6 from being just a property that our minds attribute to the world. In Russell s view, universals can also save a priori knowledge from becoming mind-dependent, which in his view would make it erroneous. Russell claims that all a priori knowledge deals with relations of universals. Therefore 2 and 4 are universals and there exists a universal which states the relation 2+2=4. Russell claims that if we would deny the existence of universals, mathematics and logic would become subjective. If mathematics was due to our nature, our nature could change and mathematics could change with it. In Russell s view it is impossible for there to be any possible world in which mathematics would be different and therefore it cannot be due to ourselves. The theory of universals seems appealing but in my view it raises more questions than it answers. How do these universals exist? How do we get knowledge of them? How have they come to exist? Do the universals which stand for all possible words already exist? Did the universal computer exist before computers existed? Russell s attempts to address these questions are vague and unconvincing. 1 He just claims that universals are eternal and unchanging and that we have knowledge of some of them by being acquainted with them and knowledge of some of them by description. However, there seems to be no clear pattern to how we get knowledge of them. Of course, a theory being complex and hard to understand is no reason to reject it. However, the existence of some non-physical and non-mental entities seems like a relapse to ancient mysticism. It does not seem easy to prove that universals do not exist but I do not find the arguments for their existence very strong. However, Russell s concern for mathematics not being certain does raise interesting questions. If mathematics is not a feature of the world then what is it? It seems to me that all words but proper names do not stand for universals but instead they refer to what could be called collective mental entities. The truth of 2+2=4 is not dependent on some individual mind but it is dependent on all of the minds that know that 2+2=4. Similarly, relations neither exist independently of minds nor do they exist in virtue of some individual mind, but their existence is dependent on all the minds that know what those relations mean. Like was said previously, relations require conceptualisation which cannot be done without minds. However, it could be argued that claiming that mathematics and relations are collective mental entities is just as vague and mysterious as claiming that they are universals. I do not think this is true. Firstly, collective mental entities exist in this world, not in some mystical world of universals. Secondly, it erases the difficulty of new words being created, because collective mental entities are not eternal and unchanging. 1 These considerations are mainly based on Russell s arguments in The Problems of Philosophy.

7 How do these collective mental entities come to be? Firstly, we are able to form concepts by abstraction. For example, we can by abstraction create concepts such as cat to stand for all the animals that have similar properties. However, most importantly it seems to me that they are agreements that we make. Like Wittgenstein pointed out in Philosophical Investigations, words get their meaning because we make agreements on them. We have agreed what next to means and thus everyone who has agreed on that is acquainted with that relation. Mathematics and logic, on the other hand, seem to be features of human thought. The fact that we cannot think outside the laws of mathematic and logic, does not mean that they are necessarily true in all possible worlds. To assume such a thing would in my view be arrogant, as we would be assuming that human consciousness is able to apprehend not only everything as it exists but also everything that could possibly exist. It is possible that there are things in the universe that behave in a manner incomprehensible to us and that they are unknowable to us due to the limits of our comprehension and perception. These considerations of seem to indicate that knowledge does not always require further justification and it not necessarily dependent upon things outside the mind that knows. Things like mathematics and logic are self-evidently true and they cannot be justified by anything. After all, we cannot justify logic by using logic and there does not seem to be any more basic system which we could use to justify the most basic principles of logic and mathematics. Numbers and their relations seem to be collective mental entities that exist in virtue of all the minds that have agreed on their meaning. Thus, 2+2=4 does not cease to be true if one person who knows it dies but it is very difficult to understand at least how it could be true if all minds ceased to exist. Therefore collective mental entities are subjective in some sense but they are not private, as we have agreed on their meaning. Alongside mathematics and logic, knowledge of ethics an aesthetics seem to be largely a priori. The faults in naturalistic ethics have been pointed out by David Hume and G.E. Moore, among others, and for the purposes of this essay we can assume that moral goodness is not some natural property that exists in the world. Also aesthetic beauty exists in a similar way. We could also try to apply the theory of collective mental entities to moral goodness and beauty but that would go beyond the scope of this essay. That aside, there seems to be no object in the mind-independent world to which our ethical or aesthetical statements can correspond. Of course, different sort of justifications can be provided for why something is good or for why something is beautiful, but at some point we just have to say that it just is, as there is no physical, observable object to which our knowledge corresponds. If we were to assume the correspondence theory of truth, ethical and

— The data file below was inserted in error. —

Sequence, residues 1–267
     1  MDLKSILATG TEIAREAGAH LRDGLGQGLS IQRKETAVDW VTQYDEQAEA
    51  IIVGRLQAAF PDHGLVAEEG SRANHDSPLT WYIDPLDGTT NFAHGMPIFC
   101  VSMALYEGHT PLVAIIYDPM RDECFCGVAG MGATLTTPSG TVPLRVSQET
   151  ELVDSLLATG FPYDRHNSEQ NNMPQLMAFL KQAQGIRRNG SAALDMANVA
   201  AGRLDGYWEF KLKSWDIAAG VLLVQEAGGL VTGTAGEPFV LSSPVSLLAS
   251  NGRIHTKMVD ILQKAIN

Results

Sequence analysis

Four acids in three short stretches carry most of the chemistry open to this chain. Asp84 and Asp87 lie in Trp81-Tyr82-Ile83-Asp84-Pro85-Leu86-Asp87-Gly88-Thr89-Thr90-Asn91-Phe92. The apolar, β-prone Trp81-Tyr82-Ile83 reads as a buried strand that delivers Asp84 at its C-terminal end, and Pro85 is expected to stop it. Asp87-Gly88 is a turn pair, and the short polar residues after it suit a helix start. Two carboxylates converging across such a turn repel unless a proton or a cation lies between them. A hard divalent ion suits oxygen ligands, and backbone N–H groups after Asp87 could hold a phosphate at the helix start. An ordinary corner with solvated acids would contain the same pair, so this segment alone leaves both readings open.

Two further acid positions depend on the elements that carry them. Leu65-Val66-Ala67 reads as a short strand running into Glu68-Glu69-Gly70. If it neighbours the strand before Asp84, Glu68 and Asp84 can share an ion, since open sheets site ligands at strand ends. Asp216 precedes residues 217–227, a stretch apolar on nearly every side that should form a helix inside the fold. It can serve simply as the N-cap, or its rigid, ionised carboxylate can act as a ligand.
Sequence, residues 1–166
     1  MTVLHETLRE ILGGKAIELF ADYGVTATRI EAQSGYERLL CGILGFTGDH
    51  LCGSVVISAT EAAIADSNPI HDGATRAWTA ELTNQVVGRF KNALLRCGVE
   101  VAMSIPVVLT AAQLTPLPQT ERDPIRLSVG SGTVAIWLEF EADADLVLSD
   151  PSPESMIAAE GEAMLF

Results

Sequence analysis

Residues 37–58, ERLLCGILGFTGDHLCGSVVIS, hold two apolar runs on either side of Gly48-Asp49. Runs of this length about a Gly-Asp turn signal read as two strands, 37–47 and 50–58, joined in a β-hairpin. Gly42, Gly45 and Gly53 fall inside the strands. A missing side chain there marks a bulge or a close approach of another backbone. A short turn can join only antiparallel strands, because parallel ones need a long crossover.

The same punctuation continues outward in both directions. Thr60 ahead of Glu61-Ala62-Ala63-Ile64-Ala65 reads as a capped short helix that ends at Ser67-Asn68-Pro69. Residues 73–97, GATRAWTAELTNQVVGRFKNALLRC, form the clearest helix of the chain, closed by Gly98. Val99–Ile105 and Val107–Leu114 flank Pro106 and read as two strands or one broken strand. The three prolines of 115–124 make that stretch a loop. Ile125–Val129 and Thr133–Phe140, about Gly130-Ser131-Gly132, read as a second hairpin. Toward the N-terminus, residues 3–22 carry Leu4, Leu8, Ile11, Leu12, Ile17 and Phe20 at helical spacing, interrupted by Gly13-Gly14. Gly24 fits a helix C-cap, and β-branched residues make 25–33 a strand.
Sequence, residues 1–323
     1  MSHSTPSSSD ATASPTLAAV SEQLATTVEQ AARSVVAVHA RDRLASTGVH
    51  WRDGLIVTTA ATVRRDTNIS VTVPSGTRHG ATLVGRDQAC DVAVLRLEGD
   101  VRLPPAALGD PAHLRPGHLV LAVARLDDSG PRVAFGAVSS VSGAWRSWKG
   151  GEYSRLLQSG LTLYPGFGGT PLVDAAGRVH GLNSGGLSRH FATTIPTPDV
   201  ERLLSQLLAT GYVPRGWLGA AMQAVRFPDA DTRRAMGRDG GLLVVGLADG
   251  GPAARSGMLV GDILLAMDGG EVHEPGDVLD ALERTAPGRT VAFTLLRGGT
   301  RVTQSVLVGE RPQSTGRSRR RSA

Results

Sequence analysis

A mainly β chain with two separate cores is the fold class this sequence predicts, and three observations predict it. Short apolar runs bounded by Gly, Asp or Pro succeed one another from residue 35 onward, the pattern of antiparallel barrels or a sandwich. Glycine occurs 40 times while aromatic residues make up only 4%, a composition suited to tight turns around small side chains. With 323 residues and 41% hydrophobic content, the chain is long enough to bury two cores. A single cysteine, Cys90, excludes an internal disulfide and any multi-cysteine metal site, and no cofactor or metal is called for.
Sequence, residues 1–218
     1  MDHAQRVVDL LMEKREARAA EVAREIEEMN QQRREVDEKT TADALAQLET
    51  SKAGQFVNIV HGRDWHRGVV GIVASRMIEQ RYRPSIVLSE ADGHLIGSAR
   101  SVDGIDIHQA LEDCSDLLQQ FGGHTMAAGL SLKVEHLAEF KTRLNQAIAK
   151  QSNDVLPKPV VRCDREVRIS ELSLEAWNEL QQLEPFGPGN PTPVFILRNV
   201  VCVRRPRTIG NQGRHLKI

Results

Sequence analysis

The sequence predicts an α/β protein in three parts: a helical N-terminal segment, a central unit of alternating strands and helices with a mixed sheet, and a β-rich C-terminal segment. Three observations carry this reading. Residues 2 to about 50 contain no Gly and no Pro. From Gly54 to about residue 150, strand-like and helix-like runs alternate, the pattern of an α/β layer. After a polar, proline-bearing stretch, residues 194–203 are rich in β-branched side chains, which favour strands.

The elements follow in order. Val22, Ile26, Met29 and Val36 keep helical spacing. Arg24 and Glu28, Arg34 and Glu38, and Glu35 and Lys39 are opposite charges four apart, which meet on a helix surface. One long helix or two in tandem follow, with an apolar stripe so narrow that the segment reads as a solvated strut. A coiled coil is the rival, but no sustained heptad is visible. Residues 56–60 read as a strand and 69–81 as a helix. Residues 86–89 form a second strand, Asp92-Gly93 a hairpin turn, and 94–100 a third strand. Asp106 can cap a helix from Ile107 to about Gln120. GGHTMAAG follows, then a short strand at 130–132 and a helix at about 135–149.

8 aesthetic knowledge would be meaningless. It seems to me, that ethics and aesthetics fall into the category of knowledge which we know intuitively and cannot be proven. It is just known. Stripping the world away of things such as ethics and aesthetics would strip the world away of humanity. Like Georg Henrik von Wright said in his book Explanation and Understanding, we cannot really explain beauty and ethics, we can only understand it. To conclude, forming some simple definition for knowledge seems nearly impossible. Plato s justified true belief applies in the simplest cases of knowledge where knowledge is a based on a belief that is composed of a relation of the mind to some object outside of itself, and the correspondence of the belief and the subject-independent object can be checked. However, qualia, a priori knowledge and what I have called intuitive knowledge are quite different. They do not have a correspondence to some object wholly independent of the subject of the belief. A priori knowledge can be explained if we accept the existence of what I have called collective mental entities. However, if we are to accept that a priori knowledge is largely base on collective mental entities, we have to accept that logic and mathematics are mind-dependent and not necessarily true. However, it seems that we are still able know things that depend on minds to some extent. Therefore perhaps a belief does not have to be necessarily true for it to count as knowledge but it has to be true in virtue of many minds being acquainted with it (at least in most cases). That is why collective mental entities solve the problem at least partially since they do not cease to exist if one person dies. However, qualia remain to be a mystery as it is private to only one person and yet we do seem to have knowledge concerning qualia. Also ethics and aesthetics remain mysterious. However, perhaps it is not even possible to provide an exhaustive theory of knowledge. After all, human beings understanding of the world is restricted to our limited comprehension and perception and we can most likely never break those boundaries.